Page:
The site will allow members to share their experiences, ideas and expertise, and to work together to solve problems and run projects.
“This will create a global conversation about LGBT rights, allowing young people to make contact and work together in an international fight for respect,” said Nanna Moe, IGLYO board member and communication officer. “This project is just part of IGLYO’s venture beyond Europe. The list is very much in line with IGLYO activities this year, since it is the 25th anniversary of IGLYO, which we are going to celebrate with a reunion and huge conference with international guests in Amsterdam in July.”
Individuals can join the list by becoming members of an e-mail group, which is moderated for safety. This feature could be of significant importance for members, especially those who live in countries where LGBT rights are not recognized.
To sign up on the LGBT Youth World List, visit www.iglyo.com or www.ilga.org.
AIDS doctors imprisoned
Two internationally renowned Iranian AIDS physicians were among four men sentenced to prison Jan. 17 for allegedly participating in a plot to overthrow Iran’s Islamic regime.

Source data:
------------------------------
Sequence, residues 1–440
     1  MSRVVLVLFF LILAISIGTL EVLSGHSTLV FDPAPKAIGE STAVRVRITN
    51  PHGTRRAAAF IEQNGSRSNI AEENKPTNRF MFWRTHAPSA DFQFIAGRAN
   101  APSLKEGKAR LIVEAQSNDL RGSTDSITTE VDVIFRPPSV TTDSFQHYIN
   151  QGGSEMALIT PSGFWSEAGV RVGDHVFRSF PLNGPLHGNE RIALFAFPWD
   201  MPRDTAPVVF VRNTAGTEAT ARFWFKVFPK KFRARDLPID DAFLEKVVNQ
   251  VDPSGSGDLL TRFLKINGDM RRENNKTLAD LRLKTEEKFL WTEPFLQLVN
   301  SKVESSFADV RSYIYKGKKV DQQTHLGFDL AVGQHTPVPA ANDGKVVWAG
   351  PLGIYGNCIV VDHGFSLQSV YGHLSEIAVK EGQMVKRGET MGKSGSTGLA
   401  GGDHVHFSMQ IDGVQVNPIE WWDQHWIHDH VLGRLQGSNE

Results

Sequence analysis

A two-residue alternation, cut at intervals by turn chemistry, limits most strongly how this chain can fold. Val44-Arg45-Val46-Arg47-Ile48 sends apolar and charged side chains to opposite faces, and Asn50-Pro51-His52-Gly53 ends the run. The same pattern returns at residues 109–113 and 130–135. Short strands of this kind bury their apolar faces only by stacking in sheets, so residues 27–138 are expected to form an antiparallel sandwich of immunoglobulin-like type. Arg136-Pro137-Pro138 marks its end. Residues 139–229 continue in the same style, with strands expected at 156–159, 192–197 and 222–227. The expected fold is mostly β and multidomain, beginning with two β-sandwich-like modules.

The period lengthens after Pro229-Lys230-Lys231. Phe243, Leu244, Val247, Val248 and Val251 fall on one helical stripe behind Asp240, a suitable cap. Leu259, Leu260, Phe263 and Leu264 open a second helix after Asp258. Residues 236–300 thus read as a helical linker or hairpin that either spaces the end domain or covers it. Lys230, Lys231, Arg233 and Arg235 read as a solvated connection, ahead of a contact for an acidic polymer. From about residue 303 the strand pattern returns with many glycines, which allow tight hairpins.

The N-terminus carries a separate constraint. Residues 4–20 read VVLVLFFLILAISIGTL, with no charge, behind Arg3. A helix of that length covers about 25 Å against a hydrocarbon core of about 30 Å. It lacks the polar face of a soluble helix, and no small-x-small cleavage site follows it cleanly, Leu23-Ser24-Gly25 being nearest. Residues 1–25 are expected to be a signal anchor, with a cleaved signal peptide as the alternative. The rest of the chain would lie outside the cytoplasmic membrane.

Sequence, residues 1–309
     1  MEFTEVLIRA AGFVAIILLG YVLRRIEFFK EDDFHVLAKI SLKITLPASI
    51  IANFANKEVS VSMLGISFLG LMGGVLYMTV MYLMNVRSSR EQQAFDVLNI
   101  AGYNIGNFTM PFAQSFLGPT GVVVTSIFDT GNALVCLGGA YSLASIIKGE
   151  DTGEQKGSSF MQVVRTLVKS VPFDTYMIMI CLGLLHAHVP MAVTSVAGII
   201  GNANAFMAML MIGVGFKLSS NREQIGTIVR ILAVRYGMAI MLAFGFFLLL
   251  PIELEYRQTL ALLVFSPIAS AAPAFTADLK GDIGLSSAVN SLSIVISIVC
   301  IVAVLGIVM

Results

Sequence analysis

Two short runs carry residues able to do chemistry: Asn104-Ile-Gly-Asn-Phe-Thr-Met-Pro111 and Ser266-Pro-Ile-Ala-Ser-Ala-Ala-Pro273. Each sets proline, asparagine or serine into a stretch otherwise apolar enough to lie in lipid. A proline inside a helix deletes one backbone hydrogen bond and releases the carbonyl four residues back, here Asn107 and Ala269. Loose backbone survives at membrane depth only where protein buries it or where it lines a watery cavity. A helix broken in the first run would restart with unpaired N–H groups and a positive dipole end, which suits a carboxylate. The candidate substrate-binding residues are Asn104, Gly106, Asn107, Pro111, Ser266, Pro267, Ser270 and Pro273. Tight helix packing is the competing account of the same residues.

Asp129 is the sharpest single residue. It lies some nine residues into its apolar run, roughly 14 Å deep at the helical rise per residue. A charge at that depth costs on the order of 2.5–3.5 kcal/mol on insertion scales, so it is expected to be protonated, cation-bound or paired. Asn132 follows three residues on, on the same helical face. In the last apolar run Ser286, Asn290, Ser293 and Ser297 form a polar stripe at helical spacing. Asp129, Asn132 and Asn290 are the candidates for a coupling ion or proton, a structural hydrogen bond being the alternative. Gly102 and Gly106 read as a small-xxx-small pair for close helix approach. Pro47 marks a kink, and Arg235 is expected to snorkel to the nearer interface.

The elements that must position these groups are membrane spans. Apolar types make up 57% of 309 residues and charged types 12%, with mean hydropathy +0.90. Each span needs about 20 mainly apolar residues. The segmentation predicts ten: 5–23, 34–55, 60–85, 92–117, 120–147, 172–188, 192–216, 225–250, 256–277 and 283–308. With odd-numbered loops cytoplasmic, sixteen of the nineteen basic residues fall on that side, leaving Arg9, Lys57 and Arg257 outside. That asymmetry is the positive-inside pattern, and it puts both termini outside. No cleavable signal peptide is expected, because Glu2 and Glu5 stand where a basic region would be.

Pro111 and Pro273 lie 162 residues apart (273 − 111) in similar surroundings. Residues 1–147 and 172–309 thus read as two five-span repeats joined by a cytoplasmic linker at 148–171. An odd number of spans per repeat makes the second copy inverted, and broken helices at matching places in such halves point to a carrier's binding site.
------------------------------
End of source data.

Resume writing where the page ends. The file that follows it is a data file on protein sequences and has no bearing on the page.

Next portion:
The prosecution of Arash and Kamyar Alaei, who have been held in prison since June 2008, has raised an outcry among international human-rights groups. The Alaei brothers and two others were tried in a closed-door trial in December.
The four men were convicted of recruiting dozens of others and planning to recruit more Iranian doctors, university professors and scientists to provide information to the U.S. on Iran’s infrastructure and civil defense.
“They aimed at creating social crisis, street demonstrations and ethnic disputes,” the report quoted the general director of the counterespionage section of Iran’s Intelligence Ministry as saying, without providing his name.
He said the CIA spent some $32 million on the plot and accused the U.S. of stationing intelligence agents in neighboring countries, such as the United Arab Emirates, Turkey, Kuwait and Azerbaijan.
The Alaei brothers’ lawyer was not immediately available for comment.
The doctors have run HIV/AIDS treatment and prevention programs in Iran, focusing particularly on at-risk sectors like prostitutes and drug users. They have also held training courses for Afghan and Tajik medical workers.